supply

pp. 118.

supply their place, the Chinese national character being considered as favourable to the scheme of substitution. • Men, (he truly observes,) love to be righteous at the expence of other people, and acting upon each other is held equivalent to acting for themselves."

• Something, however, has been faved from Thipwreck in the contest; calumnies on the colonists have been somewhat discredited; the possibility of obtaining white men to labour in tropical countries is given up; the Navery actually subgiting in the islands seems allowed to remain untouched; and the Negroes are agreed to be unfit for present emancipation. In Nort, the abolition of lavery joself in the islands is left to its own fate; and, as the children of the West Indians, wherever sent out of the islands for education, will be made alhamed, if not averse, with respect to the possession of llaves, one of two things will happen ; either flavery will be. come so mild, as only to be such in name; or it will be formally abolished, as heretofore in Europe, by the decision of those who are interested in it; and thus suffer what Mr. Hume would call an Euthanasia.'

On this difficult subject, it might tend greatly to compose difturbed minds, if we could, according to a hint started by another writer, abolish the term Negroe Slaves, and call them by some more social appellation : as we doat so much on all new fashions *, even so flight an alteration, could it be made current, might, reItore our relish for sugar and tobacco.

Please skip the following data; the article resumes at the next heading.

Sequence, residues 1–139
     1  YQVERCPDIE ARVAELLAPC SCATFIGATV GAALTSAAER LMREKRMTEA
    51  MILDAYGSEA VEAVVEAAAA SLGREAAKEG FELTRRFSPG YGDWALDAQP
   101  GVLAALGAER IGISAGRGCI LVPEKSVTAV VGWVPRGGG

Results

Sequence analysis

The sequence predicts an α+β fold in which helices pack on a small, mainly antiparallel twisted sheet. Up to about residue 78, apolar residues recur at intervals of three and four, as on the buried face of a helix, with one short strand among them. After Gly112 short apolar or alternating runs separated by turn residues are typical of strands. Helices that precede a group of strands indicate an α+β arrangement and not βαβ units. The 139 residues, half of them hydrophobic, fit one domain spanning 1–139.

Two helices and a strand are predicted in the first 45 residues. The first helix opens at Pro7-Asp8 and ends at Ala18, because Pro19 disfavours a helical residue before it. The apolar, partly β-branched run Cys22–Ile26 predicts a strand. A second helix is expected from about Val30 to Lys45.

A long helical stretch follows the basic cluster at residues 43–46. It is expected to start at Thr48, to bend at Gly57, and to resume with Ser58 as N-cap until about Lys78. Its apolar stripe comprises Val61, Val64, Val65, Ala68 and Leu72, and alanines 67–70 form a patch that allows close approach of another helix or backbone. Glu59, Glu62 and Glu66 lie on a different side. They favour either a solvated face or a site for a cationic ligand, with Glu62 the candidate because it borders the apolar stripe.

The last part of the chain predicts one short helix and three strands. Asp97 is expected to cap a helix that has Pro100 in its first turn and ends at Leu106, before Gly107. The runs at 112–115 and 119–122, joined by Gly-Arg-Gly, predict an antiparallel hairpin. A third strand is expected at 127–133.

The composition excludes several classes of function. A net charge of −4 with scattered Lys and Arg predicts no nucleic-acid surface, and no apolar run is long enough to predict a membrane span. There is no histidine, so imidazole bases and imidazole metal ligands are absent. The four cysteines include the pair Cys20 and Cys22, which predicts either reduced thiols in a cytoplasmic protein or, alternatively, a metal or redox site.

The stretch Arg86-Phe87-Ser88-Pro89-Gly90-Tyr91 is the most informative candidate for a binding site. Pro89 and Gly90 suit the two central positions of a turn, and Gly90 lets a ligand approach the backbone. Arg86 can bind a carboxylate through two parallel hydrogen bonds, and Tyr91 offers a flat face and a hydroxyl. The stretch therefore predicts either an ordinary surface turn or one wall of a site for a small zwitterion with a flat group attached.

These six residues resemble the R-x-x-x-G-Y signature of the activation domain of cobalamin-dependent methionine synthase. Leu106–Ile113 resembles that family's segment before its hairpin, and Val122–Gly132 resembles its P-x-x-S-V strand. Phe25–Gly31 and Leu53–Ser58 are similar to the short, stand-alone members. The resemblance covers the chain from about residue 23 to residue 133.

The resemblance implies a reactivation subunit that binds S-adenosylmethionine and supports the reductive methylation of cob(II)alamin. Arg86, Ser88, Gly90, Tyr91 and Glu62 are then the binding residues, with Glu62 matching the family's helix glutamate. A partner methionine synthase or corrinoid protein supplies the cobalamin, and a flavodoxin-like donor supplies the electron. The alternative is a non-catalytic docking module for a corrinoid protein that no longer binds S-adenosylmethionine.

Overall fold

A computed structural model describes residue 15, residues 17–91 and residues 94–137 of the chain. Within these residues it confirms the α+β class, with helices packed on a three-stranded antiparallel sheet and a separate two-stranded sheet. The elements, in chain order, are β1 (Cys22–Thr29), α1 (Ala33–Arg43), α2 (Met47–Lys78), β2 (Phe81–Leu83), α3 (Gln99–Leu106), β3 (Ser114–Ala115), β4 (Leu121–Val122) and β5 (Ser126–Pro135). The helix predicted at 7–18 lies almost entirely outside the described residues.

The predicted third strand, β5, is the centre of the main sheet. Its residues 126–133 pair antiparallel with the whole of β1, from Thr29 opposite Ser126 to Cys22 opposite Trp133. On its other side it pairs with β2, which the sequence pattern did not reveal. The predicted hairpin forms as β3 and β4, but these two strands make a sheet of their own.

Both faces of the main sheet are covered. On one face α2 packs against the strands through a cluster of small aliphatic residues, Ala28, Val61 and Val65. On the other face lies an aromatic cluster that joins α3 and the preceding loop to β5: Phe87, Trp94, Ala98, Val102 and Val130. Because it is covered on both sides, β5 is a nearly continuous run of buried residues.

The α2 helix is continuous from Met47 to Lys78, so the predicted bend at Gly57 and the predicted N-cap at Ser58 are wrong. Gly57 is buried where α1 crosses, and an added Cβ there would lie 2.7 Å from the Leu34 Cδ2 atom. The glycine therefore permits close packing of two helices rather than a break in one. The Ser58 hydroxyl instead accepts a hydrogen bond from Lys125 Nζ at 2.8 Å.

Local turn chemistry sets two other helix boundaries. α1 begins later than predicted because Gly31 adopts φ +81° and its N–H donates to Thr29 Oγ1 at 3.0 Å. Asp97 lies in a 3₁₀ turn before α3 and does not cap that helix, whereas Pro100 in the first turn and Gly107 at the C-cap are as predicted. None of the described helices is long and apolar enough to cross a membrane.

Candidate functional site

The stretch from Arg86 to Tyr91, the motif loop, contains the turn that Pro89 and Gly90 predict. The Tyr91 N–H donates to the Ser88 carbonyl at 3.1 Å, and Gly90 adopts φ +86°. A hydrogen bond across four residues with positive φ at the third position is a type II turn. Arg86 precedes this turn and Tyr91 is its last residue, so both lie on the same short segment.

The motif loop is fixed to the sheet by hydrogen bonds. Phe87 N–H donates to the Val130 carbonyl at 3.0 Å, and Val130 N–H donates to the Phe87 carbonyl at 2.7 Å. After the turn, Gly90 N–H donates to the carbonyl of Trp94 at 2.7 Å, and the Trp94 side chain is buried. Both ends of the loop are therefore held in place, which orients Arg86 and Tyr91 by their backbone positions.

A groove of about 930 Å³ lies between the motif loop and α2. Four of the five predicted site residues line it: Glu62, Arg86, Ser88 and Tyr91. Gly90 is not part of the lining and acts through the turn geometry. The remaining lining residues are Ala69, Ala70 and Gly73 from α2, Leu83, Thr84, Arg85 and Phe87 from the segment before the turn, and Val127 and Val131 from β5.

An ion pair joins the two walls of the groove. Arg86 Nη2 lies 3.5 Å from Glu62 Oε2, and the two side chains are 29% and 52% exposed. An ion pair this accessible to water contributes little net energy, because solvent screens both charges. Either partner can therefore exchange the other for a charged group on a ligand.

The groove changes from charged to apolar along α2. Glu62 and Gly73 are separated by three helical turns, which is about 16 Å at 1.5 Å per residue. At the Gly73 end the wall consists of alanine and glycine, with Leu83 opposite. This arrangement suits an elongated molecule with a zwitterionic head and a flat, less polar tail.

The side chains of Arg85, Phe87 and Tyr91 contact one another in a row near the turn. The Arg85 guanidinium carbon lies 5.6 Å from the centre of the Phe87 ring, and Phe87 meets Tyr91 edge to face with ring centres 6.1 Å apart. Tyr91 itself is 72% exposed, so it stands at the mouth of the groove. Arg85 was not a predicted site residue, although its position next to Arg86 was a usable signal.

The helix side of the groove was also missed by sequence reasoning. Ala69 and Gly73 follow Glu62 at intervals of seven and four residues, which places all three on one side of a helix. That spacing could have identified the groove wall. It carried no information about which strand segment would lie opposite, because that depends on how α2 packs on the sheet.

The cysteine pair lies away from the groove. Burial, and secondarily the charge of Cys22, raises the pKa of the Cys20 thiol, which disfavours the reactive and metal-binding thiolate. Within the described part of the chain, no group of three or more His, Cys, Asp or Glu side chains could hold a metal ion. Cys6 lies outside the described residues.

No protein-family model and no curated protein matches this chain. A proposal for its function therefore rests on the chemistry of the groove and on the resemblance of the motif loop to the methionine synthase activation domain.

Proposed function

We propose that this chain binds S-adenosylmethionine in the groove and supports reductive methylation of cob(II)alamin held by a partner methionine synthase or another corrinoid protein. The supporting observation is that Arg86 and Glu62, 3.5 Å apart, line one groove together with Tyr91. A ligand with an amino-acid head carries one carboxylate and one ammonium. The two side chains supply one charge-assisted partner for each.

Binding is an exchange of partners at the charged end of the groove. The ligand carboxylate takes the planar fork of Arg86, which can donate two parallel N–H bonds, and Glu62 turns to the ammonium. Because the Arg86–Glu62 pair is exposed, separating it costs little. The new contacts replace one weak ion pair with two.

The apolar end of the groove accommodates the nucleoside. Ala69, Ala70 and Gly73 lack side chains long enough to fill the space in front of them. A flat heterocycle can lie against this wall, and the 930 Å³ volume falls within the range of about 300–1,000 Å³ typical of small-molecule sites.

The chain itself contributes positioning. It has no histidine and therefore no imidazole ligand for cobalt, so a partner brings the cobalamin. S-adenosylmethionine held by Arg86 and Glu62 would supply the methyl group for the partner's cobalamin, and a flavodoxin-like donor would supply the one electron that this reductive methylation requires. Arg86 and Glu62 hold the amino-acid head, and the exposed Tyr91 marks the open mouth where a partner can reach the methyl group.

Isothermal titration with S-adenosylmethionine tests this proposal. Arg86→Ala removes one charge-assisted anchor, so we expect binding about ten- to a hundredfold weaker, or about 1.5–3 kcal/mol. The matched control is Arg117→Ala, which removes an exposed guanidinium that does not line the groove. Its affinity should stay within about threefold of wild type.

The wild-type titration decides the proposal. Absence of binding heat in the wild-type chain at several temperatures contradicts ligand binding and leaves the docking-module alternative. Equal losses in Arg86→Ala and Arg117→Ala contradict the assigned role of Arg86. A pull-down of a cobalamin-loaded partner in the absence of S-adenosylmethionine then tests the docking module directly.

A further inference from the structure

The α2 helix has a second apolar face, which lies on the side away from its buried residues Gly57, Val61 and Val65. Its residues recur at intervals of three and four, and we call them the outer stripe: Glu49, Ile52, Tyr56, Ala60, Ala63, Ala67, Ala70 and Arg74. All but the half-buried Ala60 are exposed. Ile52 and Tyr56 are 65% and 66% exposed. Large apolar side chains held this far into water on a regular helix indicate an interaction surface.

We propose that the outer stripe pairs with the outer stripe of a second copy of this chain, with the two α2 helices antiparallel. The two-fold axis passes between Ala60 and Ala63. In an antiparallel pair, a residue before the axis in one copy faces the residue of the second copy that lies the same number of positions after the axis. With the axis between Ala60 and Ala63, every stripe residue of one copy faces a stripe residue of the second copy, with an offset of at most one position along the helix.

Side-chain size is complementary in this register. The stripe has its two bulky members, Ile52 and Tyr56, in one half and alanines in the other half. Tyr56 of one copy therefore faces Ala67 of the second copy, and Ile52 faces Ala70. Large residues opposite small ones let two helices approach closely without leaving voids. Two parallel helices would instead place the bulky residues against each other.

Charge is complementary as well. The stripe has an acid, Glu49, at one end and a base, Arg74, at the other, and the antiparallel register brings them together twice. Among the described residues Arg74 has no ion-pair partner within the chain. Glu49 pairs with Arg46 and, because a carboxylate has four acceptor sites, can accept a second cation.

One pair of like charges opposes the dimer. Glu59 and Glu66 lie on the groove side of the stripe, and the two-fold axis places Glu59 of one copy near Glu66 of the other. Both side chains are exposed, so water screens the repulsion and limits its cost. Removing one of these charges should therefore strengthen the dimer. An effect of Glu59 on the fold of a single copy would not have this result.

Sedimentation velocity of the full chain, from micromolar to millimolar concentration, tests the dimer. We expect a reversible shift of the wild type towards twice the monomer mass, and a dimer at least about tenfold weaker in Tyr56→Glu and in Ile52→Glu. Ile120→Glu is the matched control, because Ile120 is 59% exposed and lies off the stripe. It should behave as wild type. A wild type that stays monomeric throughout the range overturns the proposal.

N.
IRELAND,
Art. 27. A Letter to the Societies of United Irishmen, of the Town of

Belfast, upon the Subject of certain Apprehenfions which bave
arilen from a proposed Restoration of Catholic Rights. By Wil-
liam Todd Jones, Esq. Wich the Declaration of the Catholic
Society of Dublin, and some Thoughts on the present Politics of
Ireland. By Theobald M.Kenna, M. D. 8vo. pp. 189.
35. 6d. sewed. Robinsons. 1792.

This is one of those publications that do honour to the present age, and which, as friends to the happiness of mankind, we announce with pleasure. Mr. Jones, a Protestant, here offers himself to the notice of the public, as an able and strenuous advocate for the long proscribed and persecuted Catholics of Ireland. He has evidently given the subject much thought, and the result is, that he considers the penal laws against the Catholics as a profligare, mistaken, passionate, and impolitic farrago of statutes of penalty and disqualificacion ;' and he argues with greac earnettness for their repeal, concending, that the entire abolition of these statutes against ihe Catholics is only wanting to convert Ireland into the moit opulent and most happy kingdom in Europe:- but it has been objected againt the proposed emancipation of the Irith Catholics, “ that, if

* That coarle vulgar word breeches has been abolished in favour of small cloaths; yet, as the correspondence may appear too close between small cloaths and petticoats, we anxiously wait the decision of the police on this intereiting subject !